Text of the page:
NEWINGTON – Local teens are talking about suicide in hopes of preventing it.
Right before Christmas break, Newington High School hosted a Suicide Prevention Day. Students received resources in their homerooms that morning, before hearing from an inspirational speaker in the auditorium and participating in an improvisational theater performance in the gym that afternoon.
“Suicide is a nationwide issue and there are a lot of things the schools are introducing to help with mental health,” senior Giulianna Iapalucci pointed out.
As a Student Council officer, Iapalucci helped plan the day along with the NHS Stop the Stigma Club.
They made a chart connecting specific staff with problems for which they are accessible. While teachers can address homework and academic challenges, for example, the school psychologist and counselors are better equipped to handle family disagreements, social anxiety and bullying. They also created S.A.F.E. boxes around the school for people to drop in anonymous tips. SAFE stands for Sharing Anonymously For Everyone’s safety. The boxes are checked daily by administrators and SAFE forms are also available online, at npsct.org.
“I think suicide is an issue that’s not talked about enough,” Cassie Mayer said. “Being a student, I know people who are definitely affected by it.”
When small crises go unaddressed, they can escalate quickly into heavy stuff. Students must understand that their school is not only a place of learning, but also a safe haven. This was one of the messages the day communicated.
“We need to make people aware of where they can go,” Mayer added. “Social workers here can direct you to outside help. A lot of kids don’t know how accessible they are. They think they can only go see them when they’re in a crisis situation, but it doesn’t have to be something big.”
STUCO officers met with Principal Terra Tigno over the summer about putting together the program.
“Unfortunately, the number of suicides continues to rise,” Tigno explained. “We recognize that students are experiencing a tremendous amount of stress and anxiety and often times don’t know where to turn to for help. It’s important that students know where to go, who to call, etc.”
A highlight of the day was a visit from Dennis Gillan, a New York man who lost both his brothers to suicide. Dressed in his “good luck shirt” he had lunch with officers before the assembly. Fittingly, they wore sweatshirts with phrases like “You matter” and “I love all humans: you are not alone.”
“Everybody’s recovering from something and everybody loves a good comeback,” Gillan told his audience at the start of what was both a funny and serious presentation.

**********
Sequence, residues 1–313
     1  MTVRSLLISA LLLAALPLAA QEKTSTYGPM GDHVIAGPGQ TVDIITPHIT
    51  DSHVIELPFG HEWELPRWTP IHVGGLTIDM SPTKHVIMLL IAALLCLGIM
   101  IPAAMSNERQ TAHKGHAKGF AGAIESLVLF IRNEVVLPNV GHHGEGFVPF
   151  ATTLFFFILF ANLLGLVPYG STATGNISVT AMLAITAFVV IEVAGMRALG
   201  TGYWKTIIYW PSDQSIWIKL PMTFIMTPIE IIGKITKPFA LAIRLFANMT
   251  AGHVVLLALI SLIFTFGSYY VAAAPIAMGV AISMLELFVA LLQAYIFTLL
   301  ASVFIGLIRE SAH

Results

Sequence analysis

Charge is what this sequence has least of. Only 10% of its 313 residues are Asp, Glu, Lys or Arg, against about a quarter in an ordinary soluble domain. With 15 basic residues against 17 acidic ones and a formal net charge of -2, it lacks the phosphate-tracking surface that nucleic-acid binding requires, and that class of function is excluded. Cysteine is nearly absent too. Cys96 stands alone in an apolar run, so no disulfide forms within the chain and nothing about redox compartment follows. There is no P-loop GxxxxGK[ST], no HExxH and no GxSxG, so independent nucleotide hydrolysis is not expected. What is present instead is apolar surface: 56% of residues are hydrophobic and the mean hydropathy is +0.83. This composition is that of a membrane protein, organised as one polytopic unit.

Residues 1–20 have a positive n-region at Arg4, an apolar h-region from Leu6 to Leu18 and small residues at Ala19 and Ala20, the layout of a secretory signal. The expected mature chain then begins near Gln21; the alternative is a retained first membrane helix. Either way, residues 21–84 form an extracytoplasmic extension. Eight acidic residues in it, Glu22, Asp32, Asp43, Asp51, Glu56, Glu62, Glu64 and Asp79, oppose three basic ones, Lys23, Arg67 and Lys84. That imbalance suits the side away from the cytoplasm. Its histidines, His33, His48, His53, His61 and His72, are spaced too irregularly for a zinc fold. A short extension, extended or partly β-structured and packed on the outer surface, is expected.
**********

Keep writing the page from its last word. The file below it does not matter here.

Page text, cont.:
He was in college when his sister called to tell him their brother had been in a car accident.
“He died in a car but the car never left the driveway,” Gillan remembered.
Mark battled depression for years before ending his life. Upon returning to college, Gillan didn’t say a word about what had happened. Instead, he began drinking and using drugs excessively. His other brother Matt was suffering too, and ended his own life 11 years later.
“If Matt and I had talked about our brother’s death, I think he’d still be alive today,” Gillan told students.
He went on to encourage them to talk to each other and trusted adults, frequently.
“Mental health is just as important as physical health. Take advantage of the services available to you,” he said.
The Greater Hartford Academy of the Arts’ Looking In Theatre also came to NHS for the day. Actors improvised as characters in challenging situations, while students prompted them with questions.
Not everybody has the courage to share their feelings or report a concern, pointed out Lindsey Forauer.
“People who are afraid to speak up can’t do anything, so people who can do it, should do it,” she said.
STUCO advisor Melissa Morello was proud of how the school’s leaders took initiative to help their classmates.
“This issue might not be affecting you in this present moment, but it could affect you in your twenties, thirties, or maybe even your forties,” she said.
Erica Drzewiecki can be reached at 860-801-5097 or firstname.lastname@example.org.
A few resources:
National Suicide Prevention Hotline 1-800-273-8255
Text TALK to 741741 to reach a crisis counselor